It’s rare to see street photography that captures life in a small American town. Without the crowded sidewalks and anonymity that one experiences in a big city, street photography doesn’t seem nearly as viable. Yet, photographer Mark Cohen stalked the same small radius of Wilkes-Barre, where he lived and worked, for decades, taking groundbreaking and revealing photos of small-town life that revel in the details. A well-edited selection of his black-and-white work comprises Grim Street.
The maxim “get close and shoot wide” is taken to an almost uncomfortable extreme in Cohen’s photographs. By his own admittance, he’s intrusive rather than invisible. Shooting with 21mm, 28mm, and 35mm lenses, often from as close as two feet away, he hones in on fragments of the whole: feet, torsos, necks, faces. He uses direct flash to illuminate (and likely temporarily blind) his subjects at night. In a lot of ways, his work is reminiscent of Bruce Gilden’s—or perhaps vice-versa, since they are contemporaries. But the raw, life-affirming ethos of Robert Frank and Garry Winogrand, largely absent in Gilden’s work, guides Cohen’s sensibility as well.
Street photography, like jazz, involves spontaneous composition. Cohen’s nervy, kinetic, confrontational approach often results in strident, rough-hewn images. Body parts jut into the frame at odd angles. A hand blocks the camera lens. People cover their faces or stick out their tongues. There’s motion blur, soft focus, overexposed backgrounds, on-camera flash and other issues that most photographers strenuously work to avoid. Cohen embraces these “dealbreakers” and utilizes them in order to convey meaning and emotion.
Disjointed as they are, the photographs can also be miraculous. The images in the book are all the more impressive considering that, like many of the great street and documentary photographers, he doesn’t believe in cropping.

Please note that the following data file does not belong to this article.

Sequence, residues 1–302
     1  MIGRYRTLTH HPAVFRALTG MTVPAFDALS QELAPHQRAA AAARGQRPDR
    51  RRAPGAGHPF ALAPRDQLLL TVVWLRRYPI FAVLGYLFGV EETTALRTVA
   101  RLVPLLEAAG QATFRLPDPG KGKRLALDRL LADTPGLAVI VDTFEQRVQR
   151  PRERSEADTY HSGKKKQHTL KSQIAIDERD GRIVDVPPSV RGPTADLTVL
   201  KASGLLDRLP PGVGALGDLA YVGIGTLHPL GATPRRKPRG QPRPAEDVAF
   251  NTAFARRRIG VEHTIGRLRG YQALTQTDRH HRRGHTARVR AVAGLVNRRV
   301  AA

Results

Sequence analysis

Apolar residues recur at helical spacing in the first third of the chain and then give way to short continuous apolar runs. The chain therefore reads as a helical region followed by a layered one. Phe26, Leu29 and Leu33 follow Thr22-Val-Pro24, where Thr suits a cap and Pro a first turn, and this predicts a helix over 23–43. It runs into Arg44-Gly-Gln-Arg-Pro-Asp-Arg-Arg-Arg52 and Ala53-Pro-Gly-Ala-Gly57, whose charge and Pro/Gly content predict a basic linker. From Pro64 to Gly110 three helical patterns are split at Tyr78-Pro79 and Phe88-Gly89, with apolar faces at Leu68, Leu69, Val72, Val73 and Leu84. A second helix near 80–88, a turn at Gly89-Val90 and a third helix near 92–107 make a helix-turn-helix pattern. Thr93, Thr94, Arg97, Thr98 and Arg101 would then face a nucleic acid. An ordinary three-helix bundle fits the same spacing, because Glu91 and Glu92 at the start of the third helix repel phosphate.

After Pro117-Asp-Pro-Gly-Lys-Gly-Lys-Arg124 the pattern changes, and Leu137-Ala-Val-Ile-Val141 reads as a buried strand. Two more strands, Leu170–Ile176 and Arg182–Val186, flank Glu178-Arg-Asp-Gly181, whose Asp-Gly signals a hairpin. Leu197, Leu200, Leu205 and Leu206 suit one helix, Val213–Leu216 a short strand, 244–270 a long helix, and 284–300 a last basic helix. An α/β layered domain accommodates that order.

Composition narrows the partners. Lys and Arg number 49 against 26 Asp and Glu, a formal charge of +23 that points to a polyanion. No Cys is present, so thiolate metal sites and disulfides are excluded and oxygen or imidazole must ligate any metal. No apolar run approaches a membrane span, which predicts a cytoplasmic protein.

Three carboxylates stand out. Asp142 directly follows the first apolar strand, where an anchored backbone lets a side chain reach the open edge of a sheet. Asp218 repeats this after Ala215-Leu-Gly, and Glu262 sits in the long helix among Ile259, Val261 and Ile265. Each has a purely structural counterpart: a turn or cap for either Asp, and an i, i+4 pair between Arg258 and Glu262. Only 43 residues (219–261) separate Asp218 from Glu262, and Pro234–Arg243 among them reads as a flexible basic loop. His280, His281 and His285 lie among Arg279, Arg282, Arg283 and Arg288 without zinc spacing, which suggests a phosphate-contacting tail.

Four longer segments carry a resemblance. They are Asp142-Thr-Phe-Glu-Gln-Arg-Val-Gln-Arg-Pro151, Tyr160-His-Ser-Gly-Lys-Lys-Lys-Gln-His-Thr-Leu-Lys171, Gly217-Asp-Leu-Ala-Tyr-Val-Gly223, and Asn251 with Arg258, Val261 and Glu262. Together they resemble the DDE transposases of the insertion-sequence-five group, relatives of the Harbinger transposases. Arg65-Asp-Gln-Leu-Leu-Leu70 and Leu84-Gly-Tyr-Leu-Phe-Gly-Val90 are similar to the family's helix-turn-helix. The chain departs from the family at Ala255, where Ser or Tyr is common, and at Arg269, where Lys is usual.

The photo on the front cover sets the stage Taken at night, it shows a girl with a jump rope. Her head and feet have been cropped out. The long shutter speed adds a ghostly, otherworldly quality to the background. It’s hard not to keep looking, to keep puzzling out the mysteries inherent in the image.
Perhaps the most mysterious photo is “blindfolded girl in rain.” Taken through a window at night, with the flash reflection plainly visible and illuminated raindrops percolating through the frame, we are privy to a very unusual family photograph that reveals its secrets slowly and forces the viewer to ask questions. A girl with white gauze covering her eyes stands center frame on the opposite side of the window, unable to see out of it, and is illuminated by the harsh direct flash. On the far right, a woman (presumably her mother) looks at the camera with suspicion. Behind the girl, a man wearing a bucket hat (presumably her father) smokes disinterestedly. Her sister, presumably, on the far right of the frame, looks away. It takes a minute to register two shadowy figures in the background. Why is she wearing the bandages? Why are they posing for this photo—or are they? What is the family dynamic here? Like many great photographs, this one asks more questions than it answers.
The 100 black-and-white photographs in the book reveal a consistent vision. Taken between 1967 and 1990, they are sequenced chronologically and given brief, if somewhat unnecessary, captions (“woman with laundry,” for example). The book features two interviews, with curator Anne Wilkes-Tucker and Thomas Southall, respectively, that provide Cohen’s body of work with insight and context.
It’s worth pointing out that the largely self-taught photographer’s work was first championed by legendary MoMA curator and photography critic John Szarkowski, who organized a 1973 solo show around the Wilkes-Barre photos. Cohen’s color photographs, shot simultaneously, have been compiled in an excellent follow-up book, True Color (powerHouse, 2007).
Grim Street: Photographs by Mark Cohen. powerHouse, 2005. 144 pages. 100 photographs. Hardcover. $45.